Romancing SaGa -Minstrel Song- Original Soundtrack


Review by · August 21, 2005

I have a confession to make: I am a SaGa freak. Have I played many of the games? Nope. Do they kick my butt and make me harm controllers in frustration? Yep. But by God do I love them and worship the music as if it were unto ecstasy incarnate.

That said, my knowledge of the Romancing SaGa is sketchy at best. Not being much of an import player in my youth, nor blessed with knowledge of ROMs, I had not the opportunity to learn about them first-hand. Thus, when I heard that the first Romancing SaGa game was going to be remade, not to mention released in the US of all places, I was jubilant. But I was also wary of both game and music. SNES music of old is famous for being revamped, but not all of it has done so well upon being resurrected from the dead to walk among the modern. And certainly it hasn’t been often done to such the degree that Romancing SaGa: Minstrel Song would require. But when I heard a few glowing words about the OST, I just had to listen for myself.

Holy zombie Jesus, Batman. This ROCKS.

These words were uttered from my mouth as I began to listen through the Minstrel Song soundtrack. To say that I was totally blown away would be an understatement. Kenji Ito, through some incredible musical muse, not only revived his old compositions to both sterling and awesome heights, but composed new music to be companions in the total overpowering of your ears. Perhaps I’m raving a bit, but only for justifiable reasons as the music really just is that excellent. To do it justice, a disc-by-disc review is perhaps appropriate.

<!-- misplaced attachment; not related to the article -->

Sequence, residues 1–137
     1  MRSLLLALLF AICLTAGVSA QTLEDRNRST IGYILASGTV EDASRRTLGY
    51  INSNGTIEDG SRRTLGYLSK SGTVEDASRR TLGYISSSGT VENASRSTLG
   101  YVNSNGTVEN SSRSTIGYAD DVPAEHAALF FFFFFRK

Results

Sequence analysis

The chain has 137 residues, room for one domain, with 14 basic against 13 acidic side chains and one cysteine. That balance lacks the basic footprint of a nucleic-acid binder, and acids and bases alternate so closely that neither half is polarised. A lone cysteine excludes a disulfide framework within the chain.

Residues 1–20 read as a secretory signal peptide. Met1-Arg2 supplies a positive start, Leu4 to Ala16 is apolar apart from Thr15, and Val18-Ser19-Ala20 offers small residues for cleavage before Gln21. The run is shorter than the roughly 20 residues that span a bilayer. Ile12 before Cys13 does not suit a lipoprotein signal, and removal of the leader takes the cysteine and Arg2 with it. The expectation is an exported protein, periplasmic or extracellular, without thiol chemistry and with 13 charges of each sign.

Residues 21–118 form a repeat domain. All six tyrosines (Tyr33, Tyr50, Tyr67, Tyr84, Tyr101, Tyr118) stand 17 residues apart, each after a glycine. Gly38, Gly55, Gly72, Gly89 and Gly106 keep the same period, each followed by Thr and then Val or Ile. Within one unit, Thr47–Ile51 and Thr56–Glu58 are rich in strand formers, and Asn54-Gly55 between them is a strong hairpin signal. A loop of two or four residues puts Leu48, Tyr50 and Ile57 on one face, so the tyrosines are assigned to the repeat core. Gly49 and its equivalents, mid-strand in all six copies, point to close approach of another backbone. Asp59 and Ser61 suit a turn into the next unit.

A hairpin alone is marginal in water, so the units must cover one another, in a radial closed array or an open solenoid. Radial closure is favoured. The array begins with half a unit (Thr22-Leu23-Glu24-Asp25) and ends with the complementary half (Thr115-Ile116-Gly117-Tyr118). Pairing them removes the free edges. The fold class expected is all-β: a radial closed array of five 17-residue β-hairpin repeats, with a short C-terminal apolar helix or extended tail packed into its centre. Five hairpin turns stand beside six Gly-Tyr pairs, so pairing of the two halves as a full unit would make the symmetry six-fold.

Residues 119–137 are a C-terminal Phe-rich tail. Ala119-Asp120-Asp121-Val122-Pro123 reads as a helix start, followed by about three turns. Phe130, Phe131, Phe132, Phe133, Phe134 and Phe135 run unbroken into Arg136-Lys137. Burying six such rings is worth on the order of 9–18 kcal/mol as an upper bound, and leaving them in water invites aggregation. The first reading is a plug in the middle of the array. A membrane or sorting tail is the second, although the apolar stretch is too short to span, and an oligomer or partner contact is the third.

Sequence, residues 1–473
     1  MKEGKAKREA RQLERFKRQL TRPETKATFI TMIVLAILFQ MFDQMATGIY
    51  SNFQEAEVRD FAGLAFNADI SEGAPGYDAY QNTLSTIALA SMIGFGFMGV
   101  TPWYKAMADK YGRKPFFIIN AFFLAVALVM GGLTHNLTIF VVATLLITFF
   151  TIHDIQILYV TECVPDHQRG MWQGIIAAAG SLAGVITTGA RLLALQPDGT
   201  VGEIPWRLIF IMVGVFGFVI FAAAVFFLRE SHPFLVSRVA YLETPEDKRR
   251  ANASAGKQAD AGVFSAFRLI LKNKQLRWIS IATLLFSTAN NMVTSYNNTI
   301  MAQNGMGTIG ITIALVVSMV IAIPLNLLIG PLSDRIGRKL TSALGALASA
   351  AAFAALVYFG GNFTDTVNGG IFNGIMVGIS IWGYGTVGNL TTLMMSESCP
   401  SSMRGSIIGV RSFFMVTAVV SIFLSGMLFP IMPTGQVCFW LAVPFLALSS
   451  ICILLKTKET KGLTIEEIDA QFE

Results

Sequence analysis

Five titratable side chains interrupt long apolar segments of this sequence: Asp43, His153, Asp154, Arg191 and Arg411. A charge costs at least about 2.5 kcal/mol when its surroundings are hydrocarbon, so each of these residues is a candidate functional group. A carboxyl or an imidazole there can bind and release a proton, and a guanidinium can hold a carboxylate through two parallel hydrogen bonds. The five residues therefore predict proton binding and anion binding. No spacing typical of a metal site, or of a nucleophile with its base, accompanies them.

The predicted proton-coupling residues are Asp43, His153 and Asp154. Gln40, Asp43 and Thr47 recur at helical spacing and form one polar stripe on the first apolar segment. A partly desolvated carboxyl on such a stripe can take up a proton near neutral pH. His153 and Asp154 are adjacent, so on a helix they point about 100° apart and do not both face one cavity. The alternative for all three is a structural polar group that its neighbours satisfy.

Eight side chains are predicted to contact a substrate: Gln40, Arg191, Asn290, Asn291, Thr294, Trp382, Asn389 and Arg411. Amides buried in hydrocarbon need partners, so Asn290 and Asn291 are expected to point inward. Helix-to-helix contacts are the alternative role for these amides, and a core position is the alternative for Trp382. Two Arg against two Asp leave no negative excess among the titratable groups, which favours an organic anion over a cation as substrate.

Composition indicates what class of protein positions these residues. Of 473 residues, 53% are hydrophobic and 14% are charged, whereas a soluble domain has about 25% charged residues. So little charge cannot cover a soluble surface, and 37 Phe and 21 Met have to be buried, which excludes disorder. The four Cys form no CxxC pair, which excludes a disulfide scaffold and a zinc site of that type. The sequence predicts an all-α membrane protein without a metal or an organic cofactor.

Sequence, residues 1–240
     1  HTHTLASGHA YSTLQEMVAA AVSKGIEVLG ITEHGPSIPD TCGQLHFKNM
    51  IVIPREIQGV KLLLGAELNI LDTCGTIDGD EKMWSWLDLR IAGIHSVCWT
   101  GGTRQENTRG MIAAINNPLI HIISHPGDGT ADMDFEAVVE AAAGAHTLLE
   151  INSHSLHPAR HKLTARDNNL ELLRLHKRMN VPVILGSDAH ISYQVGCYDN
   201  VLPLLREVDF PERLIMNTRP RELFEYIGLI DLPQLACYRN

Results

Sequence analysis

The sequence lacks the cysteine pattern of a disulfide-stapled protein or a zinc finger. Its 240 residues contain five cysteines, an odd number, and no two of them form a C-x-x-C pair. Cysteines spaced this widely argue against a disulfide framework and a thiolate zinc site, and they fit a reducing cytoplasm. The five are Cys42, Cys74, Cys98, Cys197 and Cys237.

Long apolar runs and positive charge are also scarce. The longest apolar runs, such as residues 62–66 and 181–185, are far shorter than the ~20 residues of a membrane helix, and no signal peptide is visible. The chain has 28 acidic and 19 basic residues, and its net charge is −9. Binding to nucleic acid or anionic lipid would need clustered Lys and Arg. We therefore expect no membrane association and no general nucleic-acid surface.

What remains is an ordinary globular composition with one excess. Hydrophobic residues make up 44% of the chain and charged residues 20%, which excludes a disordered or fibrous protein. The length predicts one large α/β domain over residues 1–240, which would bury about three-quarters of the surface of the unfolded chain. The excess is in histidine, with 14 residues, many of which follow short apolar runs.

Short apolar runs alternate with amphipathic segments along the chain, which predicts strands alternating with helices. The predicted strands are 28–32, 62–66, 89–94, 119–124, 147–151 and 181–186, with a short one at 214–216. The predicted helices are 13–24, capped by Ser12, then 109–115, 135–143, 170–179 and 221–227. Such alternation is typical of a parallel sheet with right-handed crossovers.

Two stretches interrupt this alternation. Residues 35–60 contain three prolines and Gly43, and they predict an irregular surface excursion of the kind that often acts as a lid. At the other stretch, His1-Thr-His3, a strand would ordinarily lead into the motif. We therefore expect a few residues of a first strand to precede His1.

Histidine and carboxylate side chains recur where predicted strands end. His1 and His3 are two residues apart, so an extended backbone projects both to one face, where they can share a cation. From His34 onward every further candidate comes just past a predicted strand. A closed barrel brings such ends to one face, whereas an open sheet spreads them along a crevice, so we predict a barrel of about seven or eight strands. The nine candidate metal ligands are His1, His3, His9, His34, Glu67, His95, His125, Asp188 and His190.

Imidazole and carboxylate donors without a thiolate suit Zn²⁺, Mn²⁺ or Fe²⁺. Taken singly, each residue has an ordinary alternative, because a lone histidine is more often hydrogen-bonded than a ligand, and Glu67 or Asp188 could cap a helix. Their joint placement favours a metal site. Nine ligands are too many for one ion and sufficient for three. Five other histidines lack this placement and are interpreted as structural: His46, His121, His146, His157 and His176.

Getting down to the actual nitty-gritty of tracks, each disc has its highlights. The first disc shines through from the very first track with the singing of Masayoshi Yamazaki. I’ve never heard of this man before, but his voice is spectacular. There’s a certain stereotype that I tend to fit voices into when they’re supposedly “minstrels.” Yamazaki not only pegs that stereotype square in the eyes, but does so with excessive style and vibrato. One of the best male Japanese vocals I’ve ever heard, that much must be said. The next two tracks continue to impress with, from what I gather, real instruments. Being a player of a musical instrument myself, I must applaud the use of live instruments in the album. It doesn’t hurt, either, that the compositions themselves are top-notch material.

Continuing on with the first disc we get into the character themes. All of these are nice, excellently arranged pieces, but I miss the glory of the first three tracks. Still, they’re brilliantly recycled material in their entirety. But what really blows your socks off again is the first battle theme of album, “Prelude of Battle.” Whoever decided to let Tsuyoshi Sekito, composer of Brave Fencer Musashi of all things, handle most of the album’s battle tunes was an absolute genius. This song is one of those taken straight from the original Romancing SaGa, but you wouldn’t know its age by listening to it. Featuring a massively rocked out guitar and central synth, it’s physically impossible to listen to this song without bopping your head. It’s also fairly hard to get tired of, as I’ve listened to it on repeat for over an hour and never been annoyed at all.

Moving on to the second disc, we get somewhat more of a mix of music. The first disc with its character themes had a very heavy focus on the heroic. The second disc, however, is much more of a wildcard. From the dark and gothic “Wicked Melody” to the beautifully Spanish “Passionate Rhythm,” you can find the entire musical spectrum on this disc. It also has an oddly named track, “Sewers,” which features beating techno. Either the sewers of Minstrel Song are neon-lined, technological wonders, or someone decided to have some fun. Either way, it’s great stuff.